Archive for September, 2012


Hugo Ballot 2012

September 2, 2012

If I want to get predictions in for this year, I guess this is my last chance, pretty much the final hour. But if I didn’t do Hugo posts on this blog, there would be nothing left. So here we go.

The subtitle for this year: A Dance With Hugos. George R. R. Martin is not only in there with his latest book, but the TV series, his editor, and artwork (by John Picacio) are all up for awards. And not to get ahead of myself, but I suspect the novel award may be the only one that he doesn’t get.

First of all, these were my votes for best novel:

1—Embassytown, China Mieville

2—Leviathan Wakes, James S. A. Corey

3—Among Others, Jo Walton

No, I didn’t read A Dance With Dragons. Eventually I’ll read the whole series, but I’m not that far along yet. Friends have told me they don’t think it’s the best book in the series, so I doubt I would have rated it above these three. And Deadline, by Mira Grant, I felt the same way because I wasn’t that interested in the first book in that series.

My prediction is that A Dance With Dragons will get the most first-place votes, but I don’t think it will pick up many votes after that. Embassytown and Among Others I think will share a lot of votes, so whichever one gets eliminated first, the other should pick up most of those votes. What I don’t know is how the Deadline votes will break out. Do Grant’s and Martin’s fan bases overlap, or are they two separate groups? If they overlap, then I think Martin will get most of those votes and Deadline will drop out early, but then either Embassytown or Among Others will collect all the non-Martin votes and move ahead for the win. But if Martin and Grant have separate fan bases, then Deadline might be able to survive against the others, only to come up short against A Dance With Dragons. I’m picking Embassytown to pull it out somehow.

My votes for best novella:

1—“The Man Who Bridged the Mist”, Kij Johnson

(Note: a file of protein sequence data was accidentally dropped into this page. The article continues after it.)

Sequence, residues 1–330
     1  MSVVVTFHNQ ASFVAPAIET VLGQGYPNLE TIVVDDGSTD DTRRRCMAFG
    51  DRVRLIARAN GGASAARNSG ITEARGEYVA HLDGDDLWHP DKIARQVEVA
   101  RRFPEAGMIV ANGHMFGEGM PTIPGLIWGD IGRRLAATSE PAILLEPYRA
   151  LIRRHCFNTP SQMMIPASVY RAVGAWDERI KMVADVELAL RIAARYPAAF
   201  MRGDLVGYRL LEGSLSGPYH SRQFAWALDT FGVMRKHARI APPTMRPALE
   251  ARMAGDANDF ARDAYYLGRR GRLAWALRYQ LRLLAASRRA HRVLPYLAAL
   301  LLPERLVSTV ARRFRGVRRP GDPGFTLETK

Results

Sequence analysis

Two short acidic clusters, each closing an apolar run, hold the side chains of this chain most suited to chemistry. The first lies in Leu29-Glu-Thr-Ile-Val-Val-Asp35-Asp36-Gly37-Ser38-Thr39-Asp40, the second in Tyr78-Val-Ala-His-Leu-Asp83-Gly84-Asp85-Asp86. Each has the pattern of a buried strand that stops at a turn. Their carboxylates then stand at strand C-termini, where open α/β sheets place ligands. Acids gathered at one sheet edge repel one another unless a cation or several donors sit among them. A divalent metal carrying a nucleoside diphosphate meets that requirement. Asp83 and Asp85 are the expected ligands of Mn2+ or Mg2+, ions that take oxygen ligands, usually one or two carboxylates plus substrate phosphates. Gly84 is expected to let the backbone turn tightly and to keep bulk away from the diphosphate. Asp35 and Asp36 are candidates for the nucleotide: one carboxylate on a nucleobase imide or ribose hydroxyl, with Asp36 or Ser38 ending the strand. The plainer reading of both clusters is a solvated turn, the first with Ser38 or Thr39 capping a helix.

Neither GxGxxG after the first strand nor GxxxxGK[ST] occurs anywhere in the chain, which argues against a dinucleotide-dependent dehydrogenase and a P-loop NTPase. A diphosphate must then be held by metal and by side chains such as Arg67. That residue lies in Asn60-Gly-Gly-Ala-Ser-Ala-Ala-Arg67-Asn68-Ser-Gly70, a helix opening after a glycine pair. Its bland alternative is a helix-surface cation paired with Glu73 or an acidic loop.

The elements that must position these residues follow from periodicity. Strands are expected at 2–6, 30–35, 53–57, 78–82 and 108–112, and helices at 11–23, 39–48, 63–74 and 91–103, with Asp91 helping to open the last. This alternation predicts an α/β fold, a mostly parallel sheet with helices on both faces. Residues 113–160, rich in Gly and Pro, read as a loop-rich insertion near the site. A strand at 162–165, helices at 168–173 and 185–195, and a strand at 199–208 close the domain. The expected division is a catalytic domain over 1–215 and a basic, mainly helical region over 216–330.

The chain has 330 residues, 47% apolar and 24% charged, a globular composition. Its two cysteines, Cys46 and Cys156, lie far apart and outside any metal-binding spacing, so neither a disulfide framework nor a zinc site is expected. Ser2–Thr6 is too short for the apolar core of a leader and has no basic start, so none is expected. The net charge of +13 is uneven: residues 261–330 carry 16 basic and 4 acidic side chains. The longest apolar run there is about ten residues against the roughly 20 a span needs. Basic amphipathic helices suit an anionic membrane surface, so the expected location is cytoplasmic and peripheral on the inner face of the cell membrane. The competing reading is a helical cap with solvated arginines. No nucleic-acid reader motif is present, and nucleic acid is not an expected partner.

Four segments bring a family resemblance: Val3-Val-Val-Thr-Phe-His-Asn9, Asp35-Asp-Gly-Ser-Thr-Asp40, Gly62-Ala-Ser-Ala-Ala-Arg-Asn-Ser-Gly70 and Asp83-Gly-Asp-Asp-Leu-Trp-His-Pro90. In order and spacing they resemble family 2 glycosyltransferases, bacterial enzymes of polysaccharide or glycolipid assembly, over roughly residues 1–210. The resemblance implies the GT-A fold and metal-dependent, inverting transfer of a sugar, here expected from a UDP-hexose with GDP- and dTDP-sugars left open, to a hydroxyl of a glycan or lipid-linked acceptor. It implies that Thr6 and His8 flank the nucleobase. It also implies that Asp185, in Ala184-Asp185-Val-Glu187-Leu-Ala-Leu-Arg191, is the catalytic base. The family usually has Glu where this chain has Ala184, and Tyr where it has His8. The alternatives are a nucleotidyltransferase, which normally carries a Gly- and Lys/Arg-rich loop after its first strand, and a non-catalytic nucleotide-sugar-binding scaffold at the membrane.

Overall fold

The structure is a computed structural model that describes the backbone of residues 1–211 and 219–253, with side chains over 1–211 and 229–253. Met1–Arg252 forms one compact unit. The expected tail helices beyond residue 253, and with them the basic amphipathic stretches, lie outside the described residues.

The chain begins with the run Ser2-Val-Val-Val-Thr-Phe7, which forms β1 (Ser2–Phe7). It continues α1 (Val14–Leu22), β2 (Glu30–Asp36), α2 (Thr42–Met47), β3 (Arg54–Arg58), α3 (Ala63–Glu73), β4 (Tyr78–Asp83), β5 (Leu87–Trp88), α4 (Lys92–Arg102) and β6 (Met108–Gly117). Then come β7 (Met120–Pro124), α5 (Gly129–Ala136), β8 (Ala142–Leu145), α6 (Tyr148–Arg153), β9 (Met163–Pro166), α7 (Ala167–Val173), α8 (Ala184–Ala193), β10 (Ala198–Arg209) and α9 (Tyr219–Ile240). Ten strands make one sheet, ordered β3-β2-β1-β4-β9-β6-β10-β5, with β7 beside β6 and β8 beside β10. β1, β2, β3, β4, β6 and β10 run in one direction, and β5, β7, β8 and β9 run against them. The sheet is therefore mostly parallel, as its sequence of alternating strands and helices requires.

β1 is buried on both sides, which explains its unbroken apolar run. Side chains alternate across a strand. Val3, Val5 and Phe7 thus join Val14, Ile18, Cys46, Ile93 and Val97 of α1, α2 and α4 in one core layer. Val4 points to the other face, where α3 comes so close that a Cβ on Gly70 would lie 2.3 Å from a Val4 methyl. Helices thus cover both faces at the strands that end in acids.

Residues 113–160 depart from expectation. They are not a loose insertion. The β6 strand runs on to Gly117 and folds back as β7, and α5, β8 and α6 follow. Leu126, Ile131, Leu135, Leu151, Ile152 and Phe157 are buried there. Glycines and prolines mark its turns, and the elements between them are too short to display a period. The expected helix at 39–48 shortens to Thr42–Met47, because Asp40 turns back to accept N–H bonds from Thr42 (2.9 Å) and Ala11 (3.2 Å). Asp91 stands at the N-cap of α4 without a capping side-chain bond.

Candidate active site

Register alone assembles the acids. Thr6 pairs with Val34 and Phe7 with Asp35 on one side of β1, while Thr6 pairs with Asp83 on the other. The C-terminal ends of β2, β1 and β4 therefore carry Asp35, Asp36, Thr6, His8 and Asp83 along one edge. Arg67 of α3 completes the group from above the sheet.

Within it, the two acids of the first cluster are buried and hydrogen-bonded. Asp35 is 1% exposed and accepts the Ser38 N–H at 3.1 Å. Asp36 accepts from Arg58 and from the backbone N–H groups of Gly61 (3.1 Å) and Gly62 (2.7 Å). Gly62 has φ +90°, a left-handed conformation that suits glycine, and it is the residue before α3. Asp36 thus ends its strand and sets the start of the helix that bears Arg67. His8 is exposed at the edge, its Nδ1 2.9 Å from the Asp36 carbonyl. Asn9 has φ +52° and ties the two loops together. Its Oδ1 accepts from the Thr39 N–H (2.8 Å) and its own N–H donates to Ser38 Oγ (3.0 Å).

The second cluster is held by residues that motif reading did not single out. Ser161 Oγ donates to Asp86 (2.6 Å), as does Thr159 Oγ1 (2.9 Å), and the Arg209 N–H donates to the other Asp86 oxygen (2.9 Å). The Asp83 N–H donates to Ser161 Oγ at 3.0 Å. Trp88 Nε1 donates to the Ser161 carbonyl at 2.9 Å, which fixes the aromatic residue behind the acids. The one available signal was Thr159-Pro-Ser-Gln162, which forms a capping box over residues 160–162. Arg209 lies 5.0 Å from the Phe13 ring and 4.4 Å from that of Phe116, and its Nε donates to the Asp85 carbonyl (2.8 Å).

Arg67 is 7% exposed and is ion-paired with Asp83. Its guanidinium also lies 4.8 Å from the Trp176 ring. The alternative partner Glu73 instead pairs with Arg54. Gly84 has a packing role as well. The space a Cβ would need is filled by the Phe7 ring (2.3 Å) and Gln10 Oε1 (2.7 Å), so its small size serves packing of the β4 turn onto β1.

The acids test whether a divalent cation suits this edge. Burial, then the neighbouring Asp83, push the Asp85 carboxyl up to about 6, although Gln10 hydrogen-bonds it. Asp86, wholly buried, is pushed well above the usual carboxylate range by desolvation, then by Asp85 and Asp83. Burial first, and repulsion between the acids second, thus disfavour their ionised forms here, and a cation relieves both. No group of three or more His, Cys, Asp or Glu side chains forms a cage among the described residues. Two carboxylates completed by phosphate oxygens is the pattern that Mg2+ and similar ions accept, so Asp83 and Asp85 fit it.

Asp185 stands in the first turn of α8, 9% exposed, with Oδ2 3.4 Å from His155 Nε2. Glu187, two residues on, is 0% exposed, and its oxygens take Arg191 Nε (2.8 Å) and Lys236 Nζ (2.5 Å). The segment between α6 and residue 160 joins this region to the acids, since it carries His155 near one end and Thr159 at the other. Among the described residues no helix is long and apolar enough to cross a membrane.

2—“The Man Who Ended History: A Documentary”, Ken Liu

3—Silently and Very Fast, Catherynne M. Valente

4—“Kiss Me Twice”, Mary Robinette Kowal

I didn’t finish “The Ice Owl” by Carolyn Gilman, and I didn’t get to Countdown by Mira Grant. This was an interesting group of stories, I think a good case could be made for any of them to win. Normally I would probably pick Grant to win a race like this, but Kowal seems to have a lot of fans too, and Valente won the Locus award, so I think they are all contenders. With the runoff voting that the Hugos use, I think anything is possible here.

My votes for best novelette:

1—“Six Months, Three Days”, Charlie Jane Anders

2—“Fields of Gold” Rachel Swirsky

3—“Ray of Light”, Brad R. Torgersen

4—“What We Found”, Geoff Ryman

5—“The Copenhagen Interpretation”, Paul Cornell

I thought “Six Months, Three Days” was far and away the best of this group. Not that the other stories were bad at all, although I thought “The Copenhagen Interpretation” didn’t stand on it’s own very well. But “Six Months, Three Days” was probably my favorite story in any category. Considering that Anders is pretty well known for her work on the io9 blog, I think she stands a good chance to win.

My votes for best short story:

1—“The Paper Menagerie”, Ken Liu

2—“Movement”, Nancy Fulda

3—“The Cartographer Wasps and the Anarchist Bees”, E. Lily Yu

4—“The Homecoming”, Mike Resnick

5—“Shadow War of the Night Dragons”, John Scalzi

Another case where the stories were mostly pretty good, but “The Paper Menagerie” was my clear favorite. In terms of predictions, though, this is a tough call. Yu and Fulda seem like up-and-coming writers who will probably have more nominations in the future, but I don’t see either of them winning this one. Resnick, being the guest of honor, is likely to get a lot of votes, and Scalzi is Scalzi. As far as “Shadow War of the Night Dragons” goes, I don’t think it’s a travesty that it was nominated (a travesty is nominating someone’s acceptance speech as a dramatic presentation), but in the long run I don’t think it will be particularly memorable, and even less so without the context in which it was written. We saw last year that it doesn’t take many votes to get nominated for best short story, but once the shortlist is established the leading nominee can slip back in the final vote. I suspect that’s what’s going to happen here, Scalzi will get a good number of first place votes but a higher number of last place/no awards. I’m leaning towards Resnick as the winner.

The other categories I don’t have much to say, except don’t bet against Game of Thrones or Neil Gaiman.